The oracles of Lalibela
IT was a big relief to all democratic forces in Africa when the Ethiopian military putsch of Saturday, June 22, was crushed by the government of Prime Minister Abiy Ahmed. It all began ominously with the assassination of the president of the Amhara region, Ambachew Mekonnen, whilst at a security meeting with key officials in the city of Bahir Dar. Almost simultaneously, in Addis Ababa, the Chief of the General Staff, Se’are Mekonnen, was gunned down by his own orderly. The alleged mastermind, Brigadier-General Asamnew Tsige, had apparently intended to instigate simultaneous attacks on prominent political and military leaders across the country so as to bring down the government.
Coming out in full military combat fatigues, Prime Minister Abiy rallied all Ethiopians to unite “against the forces of evil.” The coup plotters were rounded up and executed. Flags were flown at half mast while internet access was temporarily shut down. More than 250 arrests were made. Monday, June 24, was declared a national day of mourning while the casualties were given a befitting state burial.
These events underline the Carthaginian Peace that has haunted Ethiopia for decades like a dark phantom that would not go away. A few years ago, while attending African Union (AU) Summit, I caught up with old friends at an upmarket café in Addis. In the course of our conversation I asked if it’s ever foreseeable for Ethiopia to have a constitutional monarchy as obtains in England, Belgium, Norway, Spain or the Netherlands. You could hear a pin drop. My friends were from the old Amhara aristocracy. Their silence spoke volumes.
Ethiopia is an old society seemingly trapped in the Middle Ages until recently. It is yet to fully come to terms with the demands of modernity. Emperor Haile Selassie reigned as absolute monarch — Negus Negusa — from 1930 until his ouster in a military coup in 1974. Despite his foibles, he was a moderniser who invested in education and infrastructures; a champion of pan-Africanism who fought for the liberation of our continent and the dignity of black people throughout the world. But he was also a medieval despot who inflexibly believed in the Divine Right of Kings. During his long reign, he left the feudal lords pretty much to their own devices whilst the countryside was ravaged by famine. And that is why, when the revolution came, it was so brutal and so violent.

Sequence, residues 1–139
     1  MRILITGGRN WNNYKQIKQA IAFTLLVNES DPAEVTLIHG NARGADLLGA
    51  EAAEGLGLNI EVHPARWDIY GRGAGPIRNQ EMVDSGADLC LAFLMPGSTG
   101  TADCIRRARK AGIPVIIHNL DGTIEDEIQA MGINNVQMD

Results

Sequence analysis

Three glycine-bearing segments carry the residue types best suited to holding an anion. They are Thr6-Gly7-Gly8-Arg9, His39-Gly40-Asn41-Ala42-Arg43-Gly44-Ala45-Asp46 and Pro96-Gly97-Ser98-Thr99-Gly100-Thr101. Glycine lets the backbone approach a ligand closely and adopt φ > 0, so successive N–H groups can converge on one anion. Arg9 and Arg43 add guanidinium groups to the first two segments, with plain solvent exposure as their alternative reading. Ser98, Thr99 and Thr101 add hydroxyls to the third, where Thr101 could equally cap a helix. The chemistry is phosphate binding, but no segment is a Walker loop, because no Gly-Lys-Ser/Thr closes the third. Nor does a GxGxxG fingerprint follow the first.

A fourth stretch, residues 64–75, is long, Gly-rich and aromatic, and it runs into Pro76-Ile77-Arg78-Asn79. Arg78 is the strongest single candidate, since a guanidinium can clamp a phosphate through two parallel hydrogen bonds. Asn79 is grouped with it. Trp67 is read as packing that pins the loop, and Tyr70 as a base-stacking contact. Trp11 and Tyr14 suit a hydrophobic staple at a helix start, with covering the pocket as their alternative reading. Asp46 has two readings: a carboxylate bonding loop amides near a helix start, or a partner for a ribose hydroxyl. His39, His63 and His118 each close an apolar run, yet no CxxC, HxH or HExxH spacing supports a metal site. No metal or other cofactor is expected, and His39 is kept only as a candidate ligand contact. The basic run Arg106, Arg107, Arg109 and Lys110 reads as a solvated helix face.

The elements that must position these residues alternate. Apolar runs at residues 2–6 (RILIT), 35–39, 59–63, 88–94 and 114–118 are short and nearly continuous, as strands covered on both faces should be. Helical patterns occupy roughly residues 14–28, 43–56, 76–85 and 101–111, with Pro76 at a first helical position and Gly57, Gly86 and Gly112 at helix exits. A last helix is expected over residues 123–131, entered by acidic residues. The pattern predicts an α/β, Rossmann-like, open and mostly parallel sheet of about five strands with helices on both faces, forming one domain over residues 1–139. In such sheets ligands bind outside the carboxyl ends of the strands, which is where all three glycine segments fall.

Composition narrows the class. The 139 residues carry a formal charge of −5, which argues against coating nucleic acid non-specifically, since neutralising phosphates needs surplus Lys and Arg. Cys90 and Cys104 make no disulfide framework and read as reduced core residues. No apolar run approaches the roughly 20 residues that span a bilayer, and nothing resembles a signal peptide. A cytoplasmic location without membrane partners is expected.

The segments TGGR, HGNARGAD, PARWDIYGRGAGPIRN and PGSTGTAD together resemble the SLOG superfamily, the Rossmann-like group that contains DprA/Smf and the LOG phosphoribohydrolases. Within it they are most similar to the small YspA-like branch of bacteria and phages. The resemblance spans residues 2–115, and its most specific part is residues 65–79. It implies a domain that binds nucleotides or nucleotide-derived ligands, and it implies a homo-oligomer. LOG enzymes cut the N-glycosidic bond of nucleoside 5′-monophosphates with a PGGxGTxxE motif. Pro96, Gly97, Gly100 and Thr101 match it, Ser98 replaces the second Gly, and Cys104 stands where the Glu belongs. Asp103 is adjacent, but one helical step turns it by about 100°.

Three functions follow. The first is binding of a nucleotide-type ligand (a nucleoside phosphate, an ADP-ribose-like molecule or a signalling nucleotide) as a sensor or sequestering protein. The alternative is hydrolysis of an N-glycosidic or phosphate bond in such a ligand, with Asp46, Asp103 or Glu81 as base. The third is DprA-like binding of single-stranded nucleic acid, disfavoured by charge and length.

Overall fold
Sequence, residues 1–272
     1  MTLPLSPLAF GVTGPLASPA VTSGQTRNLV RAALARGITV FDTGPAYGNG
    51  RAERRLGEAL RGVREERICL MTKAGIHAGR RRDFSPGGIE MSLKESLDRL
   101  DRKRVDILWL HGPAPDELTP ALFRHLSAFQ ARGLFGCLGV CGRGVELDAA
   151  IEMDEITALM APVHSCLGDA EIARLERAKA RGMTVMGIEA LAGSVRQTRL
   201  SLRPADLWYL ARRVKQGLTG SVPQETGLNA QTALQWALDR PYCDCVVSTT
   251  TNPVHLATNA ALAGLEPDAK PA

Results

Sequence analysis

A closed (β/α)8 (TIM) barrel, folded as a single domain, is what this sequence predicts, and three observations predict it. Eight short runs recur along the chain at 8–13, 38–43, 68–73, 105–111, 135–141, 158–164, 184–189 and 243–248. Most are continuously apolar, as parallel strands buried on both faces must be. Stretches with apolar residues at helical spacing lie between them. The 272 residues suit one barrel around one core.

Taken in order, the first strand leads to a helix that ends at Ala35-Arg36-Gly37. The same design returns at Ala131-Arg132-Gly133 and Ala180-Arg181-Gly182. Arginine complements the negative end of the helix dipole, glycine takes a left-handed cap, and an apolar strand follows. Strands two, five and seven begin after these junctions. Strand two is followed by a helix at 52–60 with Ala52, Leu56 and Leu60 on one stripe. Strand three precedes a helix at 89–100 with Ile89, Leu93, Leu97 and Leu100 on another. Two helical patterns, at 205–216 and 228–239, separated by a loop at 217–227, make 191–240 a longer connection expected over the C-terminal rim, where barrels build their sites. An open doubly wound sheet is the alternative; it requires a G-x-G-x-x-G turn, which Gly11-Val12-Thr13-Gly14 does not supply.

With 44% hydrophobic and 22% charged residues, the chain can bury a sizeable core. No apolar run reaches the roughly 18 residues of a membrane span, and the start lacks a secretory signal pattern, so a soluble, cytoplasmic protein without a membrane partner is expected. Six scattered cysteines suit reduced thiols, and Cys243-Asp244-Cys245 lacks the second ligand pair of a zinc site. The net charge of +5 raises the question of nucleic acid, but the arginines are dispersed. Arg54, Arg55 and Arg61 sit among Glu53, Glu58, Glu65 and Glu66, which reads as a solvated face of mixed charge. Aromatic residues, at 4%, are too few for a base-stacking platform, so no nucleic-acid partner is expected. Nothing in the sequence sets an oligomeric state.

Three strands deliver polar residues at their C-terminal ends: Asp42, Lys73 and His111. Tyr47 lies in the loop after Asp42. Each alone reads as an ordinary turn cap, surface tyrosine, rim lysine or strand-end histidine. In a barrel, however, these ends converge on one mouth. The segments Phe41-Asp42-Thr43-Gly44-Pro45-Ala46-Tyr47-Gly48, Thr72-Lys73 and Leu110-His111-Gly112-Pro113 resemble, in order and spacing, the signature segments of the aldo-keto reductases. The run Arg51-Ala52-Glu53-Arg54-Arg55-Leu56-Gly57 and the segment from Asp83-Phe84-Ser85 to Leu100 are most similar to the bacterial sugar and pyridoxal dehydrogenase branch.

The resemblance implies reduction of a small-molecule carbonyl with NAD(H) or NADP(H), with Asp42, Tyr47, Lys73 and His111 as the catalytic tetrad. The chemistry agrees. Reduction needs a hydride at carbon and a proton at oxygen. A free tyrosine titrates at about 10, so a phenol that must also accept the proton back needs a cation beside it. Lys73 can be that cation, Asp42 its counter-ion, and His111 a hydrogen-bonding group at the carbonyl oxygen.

Ethiopia is the second most populous nation in Africa, with a population of 100 million, comprising some 80 odd tribes. The dominant ones are: the Oromo, 34.4 per cent; Amhara, 27 per cent; Somali, 6.2 per cent; Tigrinya, 6.1 per cent; Sidama, 4.0 per cent; Gurage, 2.5 per cent and Welaita, 2.3 per cent. For centuries, the ruling elites were drawn predominantly from the fair-skinned, Semitic Amhara northern highlanders. The Amhara language remains the national lingua franca. The violent revolution that overthrew the monarchy in 1974 led to massive ethnic cleansing of the Amhara ruling elites.
The overthrow of the Mengistu dictatorship in 1987 ushered in a new era of hope. Meles Zenawi and the Tigrean People’s Liberation Front (TPLF) in coalition with the Ethiopian People’s Revolutionary Democratic Front (EPRDF) instituted modernisation programmes that set the country on a new path. But Meles was also an authoritarian leader who brooked no opposition. He also took a hard line against his former comrade Isaias Afeworki in neighbouring Eritrea. His development programmes nonetheless won him enormous respect. The nation mourned profusely when he passed away in 2012. I had the honour of meeting his successor Hailemariam Desalegn; a mild-mannered statesman far from the image of the repressive autocrat that was projected by the international media.
The path of modernisation has expectedly been fraught with challenges. The 1994 constitution abolished the centralised unitary state and replaced it with a confederation of nine regions defined by ethnicity rather than citizenship. The regions reserve a constitutional right to declare independence from the rest of the country should they choose to do so. Ethnic federalism has reinforced the power struggle between the Big Three – Tigrinya, Amhara and Oromo. Although the ruling EPRDF is a coalition of four parties, the minority Tigrinya have always called the shots at the expense of the others. All the regions jealously guard against encroachments on their territories and prerogatives. In 2015, when the federal government wanted to expand some projects outside Addis Ababa in a manner that encroached into neighbouring Oromo territory, there were wild howls among Oromians. This is in addition to strident demands for more human rights, greater freedom and more representation at the federal centre. The reflex response by the central government has been more repression and more brutal force, thereby compounding an already bad situation.